While aboard the USS New Jersey during World War II, Ed Bean remarks about how each naval ship had a camera crew tasked with documenting battles and other important events. One of the cameramen was Eddie Albert, who would later star in the television show Green Acres.
While anchored in Ulithi Atoll, Ed Bean remembers his ship being hit by an unexploded shell. The shell penetrated the main deck and went several decks down, narrowly missing one Sailor and striking one of Bean's friends, Robert Clowers, who survived the encounter. Bean recalls catching up with Clowers later in life.
Besides making supply runs to nearby islands, Bill Jackson describes how his unit was involved in gaining intelligence while stationed on Bougainville Island, specifically regarding the invasion of the Philippines.
Bill Jackson remembers a flight from Bougainville Island to the Philippines where his unarmed Douglas C-47 transport aircraft became a "sitting duck" for a Japanese fighter. Through a clever flight maneuver, however, the transport aircraft managed to escape.
When the harbor at Leyte was loaded with ships, Japanese kamikaze pilots started flying in. The enemy pilots were near impossible to hit, so there was no way to stop them. Levin even witnessed an Australian transport ship fall victim to the kamikazes.
After witnessing the Pearl Harbor attack, Bill Braddock volunteered for the Marine paratroopers and spent time untangling himself from the Wait-A-Minute vines of Bougainville. But he soon found himself back in San Diego, training for a new assault force and handling a new machine gun.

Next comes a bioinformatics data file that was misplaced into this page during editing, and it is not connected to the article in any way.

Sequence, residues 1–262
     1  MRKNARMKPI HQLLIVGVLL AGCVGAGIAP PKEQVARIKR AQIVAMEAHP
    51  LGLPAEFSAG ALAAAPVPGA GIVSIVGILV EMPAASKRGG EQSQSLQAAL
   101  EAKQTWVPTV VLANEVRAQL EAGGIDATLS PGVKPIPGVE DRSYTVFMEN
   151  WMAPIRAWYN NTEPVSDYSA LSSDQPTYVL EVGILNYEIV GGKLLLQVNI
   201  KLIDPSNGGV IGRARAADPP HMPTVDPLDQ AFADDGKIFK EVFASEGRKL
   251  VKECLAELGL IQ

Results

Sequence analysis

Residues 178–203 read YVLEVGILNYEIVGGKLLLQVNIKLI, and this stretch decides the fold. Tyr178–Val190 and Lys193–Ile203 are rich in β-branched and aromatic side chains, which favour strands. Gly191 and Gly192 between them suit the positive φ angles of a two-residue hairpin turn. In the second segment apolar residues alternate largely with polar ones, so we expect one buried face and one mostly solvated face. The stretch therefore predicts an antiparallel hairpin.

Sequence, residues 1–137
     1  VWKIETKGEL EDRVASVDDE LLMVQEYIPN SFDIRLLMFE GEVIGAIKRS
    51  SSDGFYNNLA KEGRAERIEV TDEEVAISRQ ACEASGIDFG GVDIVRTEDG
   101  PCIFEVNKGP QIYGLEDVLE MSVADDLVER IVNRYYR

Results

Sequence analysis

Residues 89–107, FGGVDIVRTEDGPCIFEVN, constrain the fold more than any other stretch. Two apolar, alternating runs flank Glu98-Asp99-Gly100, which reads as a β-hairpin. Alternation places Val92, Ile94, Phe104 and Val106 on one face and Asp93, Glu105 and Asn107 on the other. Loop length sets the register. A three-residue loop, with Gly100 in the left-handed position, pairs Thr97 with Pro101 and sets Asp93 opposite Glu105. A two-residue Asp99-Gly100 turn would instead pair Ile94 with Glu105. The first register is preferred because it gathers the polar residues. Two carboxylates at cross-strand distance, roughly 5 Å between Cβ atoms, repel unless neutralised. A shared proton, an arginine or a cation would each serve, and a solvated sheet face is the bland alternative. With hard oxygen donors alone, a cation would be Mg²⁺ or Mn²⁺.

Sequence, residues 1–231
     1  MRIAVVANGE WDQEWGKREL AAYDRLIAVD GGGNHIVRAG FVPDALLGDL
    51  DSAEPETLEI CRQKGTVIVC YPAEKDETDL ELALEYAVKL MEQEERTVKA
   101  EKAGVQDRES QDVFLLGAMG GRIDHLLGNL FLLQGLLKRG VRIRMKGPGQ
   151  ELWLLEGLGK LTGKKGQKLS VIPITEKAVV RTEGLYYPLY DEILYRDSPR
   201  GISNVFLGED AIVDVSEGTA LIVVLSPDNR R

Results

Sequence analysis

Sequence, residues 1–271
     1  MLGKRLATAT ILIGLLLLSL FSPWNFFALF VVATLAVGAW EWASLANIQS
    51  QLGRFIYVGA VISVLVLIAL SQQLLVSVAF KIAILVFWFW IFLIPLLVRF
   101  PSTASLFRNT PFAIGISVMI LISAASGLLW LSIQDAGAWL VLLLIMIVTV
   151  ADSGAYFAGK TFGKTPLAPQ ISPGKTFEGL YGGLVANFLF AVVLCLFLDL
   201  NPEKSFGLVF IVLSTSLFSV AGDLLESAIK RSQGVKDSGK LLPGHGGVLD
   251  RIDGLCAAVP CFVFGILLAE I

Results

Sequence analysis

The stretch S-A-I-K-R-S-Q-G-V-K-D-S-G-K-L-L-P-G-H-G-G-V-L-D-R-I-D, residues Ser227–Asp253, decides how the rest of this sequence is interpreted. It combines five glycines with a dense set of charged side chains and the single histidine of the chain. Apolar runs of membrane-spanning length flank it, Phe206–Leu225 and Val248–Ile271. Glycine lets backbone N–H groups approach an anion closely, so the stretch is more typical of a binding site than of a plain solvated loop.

While stationed on Bougainville Island, Bill Jackson remembers a night when 72 Japanese troops attempted to infiltrate his camp. He grabbed the first thing he could, his bayonet, and chased after one Japanese soldier. He also describes how some U.S. service members would act as natives on the island to gather information against the Japanese.
After 3-4 months on the Admiralty Islands, Levin and a massive convoy of ships bombarded the beaches of Leyte. The sky was ablaze with explosions, and Levin and his men did their best to secure the beaches and bring in the LST’s and LCI’s.
Bill Jackson recalls how they were helped by locals while stationed on the island of Bougainville, including a plantation owner who would call in Japanese-related intelligence on his radio, and other locals who would keep U.S. troops fed in between supply deliveries.
The night before leaving for the bombardment of Tarakan, Levin’s beach master Danny Meyers had a bit too much to drink. Meyers came into the barracks claiming that their troop had invaded Halmahera. Levin thought nothing of it and told Meyers to go to bed. The next morning, Meyers had a meeting with the Commanding Officer of the beach.
He didn't get the triumphant parade down Broadway that he dreamed of, but Andy Flock was still glad to be home. The news of the Atomic Bomb was nice, but he still had orders to report to Camp Cook. Some MP's needed their dishes washed.